Down to zero – winner of Ashrae modelling competition

An ASHRAE competition pitched teams of industry practitioners against each other to come up with the best model of a zero-net energy building. ‘Team IES’ won Best Energy Use and the firm’s Liam Buckley, who coached the team, describes the winning project

Down to zero 2

The 2015 ASHRAE Energy Modelling Conference featured the launch of a new competition aimed at highlighting best practice in building modelling.

Eight project teams, led by rival software vendors, competed in the ASHRAE LowDown Showdown to model an exemplar net zero energy (NZE) – or below – building. The competition, sponsored by the US Department of Energy (US-DOE) and the National Renewable Energy Laboratory (NREL), aimed to explore how BIM and energy-modelling tools could assist in the early design stages.

Showdown winners

The following software vendors each led a team: Autodesk; Carrier HAP; DesignBuilder; EnergyPlus (volunteer-led team); eQuest (volunteer-led team); IES; Sefaira; and Trane Trace. DesignBuilder won Best Innovative Workflow, Trane Trace Best Team Work, and eQuest Most Creative.

Delegates signed up to play a position on a team – such as mechanical engineer, architect, designer and energy modeller – and teams were given three months to model entries based on a common set of requirements. These included storey height, building use, minimum window-to-wall ratio, IT loads and number of occupants.

The awards were for energy-use results, innovative workflow, team work, and most creative – and were given out at the conference after the teams’ presentations.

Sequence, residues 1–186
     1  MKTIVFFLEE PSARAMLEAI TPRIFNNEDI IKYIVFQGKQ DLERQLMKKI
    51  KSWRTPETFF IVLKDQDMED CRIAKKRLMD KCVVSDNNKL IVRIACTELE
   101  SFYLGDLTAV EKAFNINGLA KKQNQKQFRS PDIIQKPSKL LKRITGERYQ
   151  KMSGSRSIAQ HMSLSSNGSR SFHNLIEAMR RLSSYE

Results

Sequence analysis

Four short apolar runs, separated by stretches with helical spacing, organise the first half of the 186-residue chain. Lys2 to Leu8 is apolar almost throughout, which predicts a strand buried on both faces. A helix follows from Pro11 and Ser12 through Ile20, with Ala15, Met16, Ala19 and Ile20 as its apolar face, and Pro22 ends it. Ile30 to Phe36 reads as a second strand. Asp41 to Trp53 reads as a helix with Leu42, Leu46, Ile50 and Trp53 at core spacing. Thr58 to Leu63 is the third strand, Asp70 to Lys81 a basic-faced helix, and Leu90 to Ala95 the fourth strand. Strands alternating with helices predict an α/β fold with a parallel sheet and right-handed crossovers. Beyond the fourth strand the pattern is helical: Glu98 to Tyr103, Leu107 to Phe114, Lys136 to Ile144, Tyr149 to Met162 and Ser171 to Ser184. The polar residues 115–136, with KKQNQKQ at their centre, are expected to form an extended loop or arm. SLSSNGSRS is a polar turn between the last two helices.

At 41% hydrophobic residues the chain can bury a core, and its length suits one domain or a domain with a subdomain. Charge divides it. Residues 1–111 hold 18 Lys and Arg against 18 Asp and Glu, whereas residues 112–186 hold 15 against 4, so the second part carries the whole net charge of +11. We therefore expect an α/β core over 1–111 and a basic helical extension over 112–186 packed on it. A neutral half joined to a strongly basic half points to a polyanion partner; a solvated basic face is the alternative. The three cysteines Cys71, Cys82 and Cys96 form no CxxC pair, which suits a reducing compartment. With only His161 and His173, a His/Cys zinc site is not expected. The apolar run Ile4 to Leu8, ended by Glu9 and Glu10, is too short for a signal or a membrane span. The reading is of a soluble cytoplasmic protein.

A simulation of the three-storey office building in Boulder, Colorado

The best energy use prize was won by a team led by IES, using IESVE 2015 modelling software and a suite of other simulation tools. The team collaborated via bi-weekly web meetings and used the cloud to make updates to the model.

Our brief was to design a three-storey, 53,600ft2 office building that included details of the annual energy use, and a breakdown of energy by HVAC, lighting, plug loads, and service water heating, located anywhere in the US. To increase the challenge, the team chose to locate the building in central Boulder, Colorado, where there are extreme variations in climate, including annual external conditions ranging from -20°C to 34°C, 6% to 100% relative humidity, and commonly occurring day-to-night-time temperature swings of 19°C.

The team chose 30 low-energy measures that focused on load reduction and optimising HVAC. The envelope performance had the biggest impact on energy consumption, so the team included low-energy measures such as R-50 insulated panels, heat mirror glazing and solar shading. Passive louvres in a saw-tooth façade also captured predominant westerly wind for natural cross-ventilation.

The spray chamber cools air in the cool tower